Surveys find that nearly 100% of young women and almost 70% of young men sometimes have food cravings. For most people, cravings at worst add a little weight. With diabetes, they can be a serious problem.
Food cravings might cause you to eat way too much of things that spike your sugars. What are food cravings, though? Where do they come from, and how can we deal with them in a healthy way?
Let’s divide cravings into two types: physical hunger and emotional distress. It’s normal to feel strong hunger if blood sugar is low, or if your stomach is too empty. Then you really need to eat. If your sugar is low, you might need some carbs; if you just feel empty, some high-fiber vegetables or water might be preferable.
Diabetes can cause hunger if glucose is not getting into the cells where it’s needed. Other medical causes of excess hunger include thyroid problems (such as Graves’ disease,) pregnancy, cannabis smoking, and depression.
To avoid the cravings of low sugar or empty stomach, remember to eat regularly, especially breakfast. Breakfast with protein should keep cravings away at least until the afternoon.
Food cravings are not always physical, though. In addition to body hunger and stomach hunger, there is what psychologist William Polonsky, PhD, CDE, calls mouth hunger or eyeball hunger. “While your stomach may be satisfied,” says Dr. Polonsky, “your eyeballs, mouth, and brain may still feel famished. If your meal plan is too limiting [in terms of food types], you may be depriving yourself of the joy of eating and the sense of satisfaction your mind and body crave.”
Food cravings can also be emotional. Some foods may have pleasant associations, such as reminding you of home. Any food with fast-acting carbs or fat (or both) will reduce stress and improve your mood temporarily. People typically crave these “comfort foods.”
Type 2 diabetes blogger Martha Zimmer wrote about several emotions that cause food cravings. Stress is the biggest; it makes you eat more and faster. Your boss criticizes you and you immediately reach for the cookies. Anxiety and depression, loneliness, and boredom also make some people eat more comfort foods.
How to stop cravings
Martha Zimmer lists several ways to stop food cravings, or at least limit their strength:
• Eat highly flavored foods, things that have a stronger aroma. It takes less of them to satisfy your mouth and eyeball hunger.
• Stop to give thanks before eating. That gives you time to smell and see the food, so your eyes and nose aren’t deprived.
• Don’t multitask your eating. If you’re watching TV or browsing the Internet, you won’t taste what you eat, and you’ll need more to satisfy you.
• Eat with other people when possible. They will slow you down, so you have more time to appreciate what you’re eating.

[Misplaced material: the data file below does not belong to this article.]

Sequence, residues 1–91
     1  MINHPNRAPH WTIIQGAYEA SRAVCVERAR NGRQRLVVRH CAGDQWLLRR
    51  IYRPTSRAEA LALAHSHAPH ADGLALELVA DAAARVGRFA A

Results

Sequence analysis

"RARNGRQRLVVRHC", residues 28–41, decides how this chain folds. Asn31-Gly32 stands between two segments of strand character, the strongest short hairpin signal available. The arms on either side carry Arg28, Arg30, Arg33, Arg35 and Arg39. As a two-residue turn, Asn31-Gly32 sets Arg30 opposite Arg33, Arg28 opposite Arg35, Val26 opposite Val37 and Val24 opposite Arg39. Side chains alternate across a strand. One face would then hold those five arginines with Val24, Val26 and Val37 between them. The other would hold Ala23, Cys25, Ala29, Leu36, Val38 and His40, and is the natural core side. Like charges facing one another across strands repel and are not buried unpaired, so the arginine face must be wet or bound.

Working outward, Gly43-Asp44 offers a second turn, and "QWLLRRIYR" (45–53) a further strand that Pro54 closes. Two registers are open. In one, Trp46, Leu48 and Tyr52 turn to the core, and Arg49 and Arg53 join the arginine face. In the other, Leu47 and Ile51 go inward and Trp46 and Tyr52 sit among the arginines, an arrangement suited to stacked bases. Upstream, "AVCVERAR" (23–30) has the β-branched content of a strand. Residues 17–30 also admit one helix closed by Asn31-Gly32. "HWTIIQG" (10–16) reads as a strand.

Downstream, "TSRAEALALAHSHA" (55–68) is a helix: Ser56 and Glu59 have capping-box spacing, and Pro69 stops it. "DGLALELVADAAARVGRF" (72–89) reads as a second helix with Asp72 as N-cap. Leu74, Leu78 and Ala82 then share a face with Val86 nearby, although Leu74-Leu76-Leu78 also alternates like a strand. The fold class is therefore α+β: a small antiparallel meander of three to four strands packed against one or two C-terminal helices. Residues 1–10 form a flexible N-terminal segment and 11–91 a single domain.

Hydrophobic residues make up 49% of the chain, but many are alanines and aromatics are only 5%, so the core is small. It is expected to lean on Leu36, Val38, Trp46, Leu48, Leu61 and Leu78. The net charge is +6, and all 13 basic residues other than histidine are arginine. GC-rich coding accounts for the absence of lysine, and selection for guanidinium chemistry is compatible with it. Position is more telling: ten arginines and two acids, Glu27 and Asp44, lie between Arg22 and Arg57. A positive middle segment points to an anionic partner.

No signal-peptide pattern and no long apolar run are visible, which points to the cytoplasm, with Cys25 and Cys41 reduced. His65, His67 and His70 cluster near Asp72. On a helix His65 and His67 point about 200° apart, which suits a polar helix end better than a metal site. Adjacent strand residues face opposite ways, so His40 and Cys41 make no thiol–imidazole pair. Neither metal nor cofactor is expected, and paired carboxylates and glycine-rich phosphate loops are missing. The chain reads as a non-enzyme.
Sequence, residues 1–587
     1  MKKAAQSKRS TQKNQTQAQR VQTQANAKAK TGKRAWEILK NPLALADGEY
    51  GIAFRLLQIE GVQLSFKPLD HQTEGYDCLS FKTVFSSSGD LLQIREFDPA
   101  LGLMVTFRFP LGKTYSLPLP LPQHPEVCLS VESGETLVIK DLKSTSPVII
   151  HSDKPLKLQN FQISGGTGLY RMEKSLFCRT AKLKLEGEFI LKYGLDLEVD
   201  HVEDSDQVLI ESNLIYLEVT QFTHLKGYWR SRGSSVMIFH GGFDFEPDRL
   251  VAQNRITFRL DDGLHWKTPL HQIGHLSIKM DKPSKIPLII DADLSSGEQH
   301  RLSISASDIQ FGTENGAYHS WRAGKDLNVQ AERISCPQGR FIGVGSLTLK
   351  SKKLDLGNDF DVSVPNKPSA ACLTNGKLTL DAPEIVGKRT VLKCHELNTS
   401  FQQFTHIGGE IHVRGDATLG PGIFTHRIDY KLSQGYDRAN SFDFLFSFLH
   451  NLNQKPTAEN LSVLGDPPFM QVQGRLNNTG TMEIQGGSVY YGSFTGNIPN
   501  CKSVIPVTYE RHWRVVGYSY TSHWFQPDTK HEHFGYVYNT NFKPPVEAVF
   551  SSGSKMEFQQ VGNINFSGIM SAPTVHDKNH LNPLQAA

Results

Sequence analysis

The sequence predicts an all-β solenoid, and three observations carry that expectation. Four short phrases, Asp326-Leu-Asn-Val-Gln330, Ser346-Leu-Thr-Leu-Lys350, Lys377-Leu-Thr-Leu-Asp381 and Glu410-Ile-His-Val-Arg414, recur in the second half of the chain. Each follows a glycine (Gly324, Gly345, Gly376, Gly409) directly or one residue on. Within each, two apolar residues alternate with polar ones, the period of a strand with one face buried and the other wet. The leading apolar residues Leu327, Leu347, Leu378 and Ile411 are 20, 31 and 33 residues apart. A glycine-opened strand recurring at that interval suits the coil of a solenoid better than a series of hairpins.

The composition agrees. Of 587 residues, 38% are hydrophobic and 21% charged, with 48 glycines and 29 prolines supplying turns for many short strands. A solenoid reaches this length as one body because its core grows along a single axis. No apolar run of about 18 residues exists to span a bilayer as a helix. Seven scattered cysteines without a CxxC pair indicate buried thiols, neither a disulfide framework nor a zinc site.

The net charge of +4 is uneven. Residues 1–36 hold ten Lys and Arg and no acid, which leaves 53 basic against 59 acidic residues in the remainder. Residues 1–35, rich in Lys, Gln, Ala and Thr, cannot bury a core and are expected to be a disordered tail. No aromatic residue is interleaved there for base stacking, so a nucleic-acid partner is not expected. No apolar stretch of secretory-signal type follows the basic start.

• Drink more water or noncaloric drinks like tea with meals. They will fill up your stomach and stop it from screaming at you. You can also drink water when you get a craving. You may find the hunger goes away when your stomach is no longer empty.
You might want to test your glucose after a new snack bar to see how it affects your glucose level.
Other ways to manage cravings include:
• Try filling snacks like celery, nuts, soy crisps, or low-sugar snack bars. They should satisfy your stomach and possibly your mouth hunger.
• Mental distraction — do something away from food, or think about something or tap your foot and focus on that. Since a lot of food craving is mental, distraction can block it for a time.
• Exercise — Quinn Phillips reported here on a study showing brief exercise reduced hunger. Of course, if you exercise enough to make your sugars drop, you should eat, but brief exercise seems to reorient the body away from food. It also improves insulin function, so your cells will get more glucose and feel more nourished.
• Nurture yourself — remember food cravings are often emotional. If you’re lonely or bored, maybe you can call a friend and do something besides eat. If you’re stressed, talk to someone or do something about it. If you’re angry or sad, perhaps you can do something positive for yourself or others to cheer up. If you’re tired, perhaps you can rest.
Diabetes can make you punish yourself and call it self-discipline. Martha Zimmer says that doesn’t work. “Giving yourself treats, but in small amounts, actually helps you eat less. I have learned that a few bites can be just as satisfying as a big helping. It keeps me from that sense of missing out on good things that we often feel with Type 2 diabetes.”
I wonder what strategies have worked for you in countering hungers and food cravings. It’s an issue that won’t go away, so let’s get better at dealing with it.